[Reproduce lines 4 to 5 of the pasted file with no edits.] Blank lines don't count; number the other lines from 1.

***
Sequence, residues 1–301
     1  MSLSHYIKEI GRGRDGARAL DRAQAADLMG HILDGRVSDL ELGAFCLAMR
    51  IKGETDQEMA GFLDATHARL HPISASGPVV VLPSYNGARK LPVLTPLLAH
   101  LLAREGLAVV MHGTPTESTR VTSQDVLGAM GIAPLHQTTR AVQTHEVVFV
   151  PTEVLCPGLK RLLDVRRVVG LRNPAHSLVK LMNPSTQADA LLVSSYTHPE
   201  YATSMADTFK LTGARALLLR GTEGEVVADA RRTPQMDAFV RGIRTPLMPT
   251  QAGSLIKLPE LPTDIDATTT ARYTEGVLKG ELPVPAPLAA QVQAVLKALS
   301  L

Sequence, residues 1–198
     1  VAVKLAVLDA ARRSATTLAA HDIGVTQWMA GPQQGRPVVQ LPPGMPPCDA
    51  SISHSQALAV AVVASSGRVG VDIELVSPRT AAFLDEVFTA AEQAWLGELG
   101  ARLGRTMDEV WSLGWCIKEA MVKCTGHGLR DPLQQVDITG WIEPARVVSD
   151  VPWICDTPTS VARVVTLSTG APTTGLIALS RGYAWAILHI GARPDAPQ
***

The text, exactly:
   101  LLAREGLAVV MHGTPTESTR VTSQDVLGAM GIAPLHQTTR AVQTHEVVFV
   151  PTEVLCPGLK RLLDVRRVVG LRNPAHSLVK LMNPSTQADA LLVSSYTHPE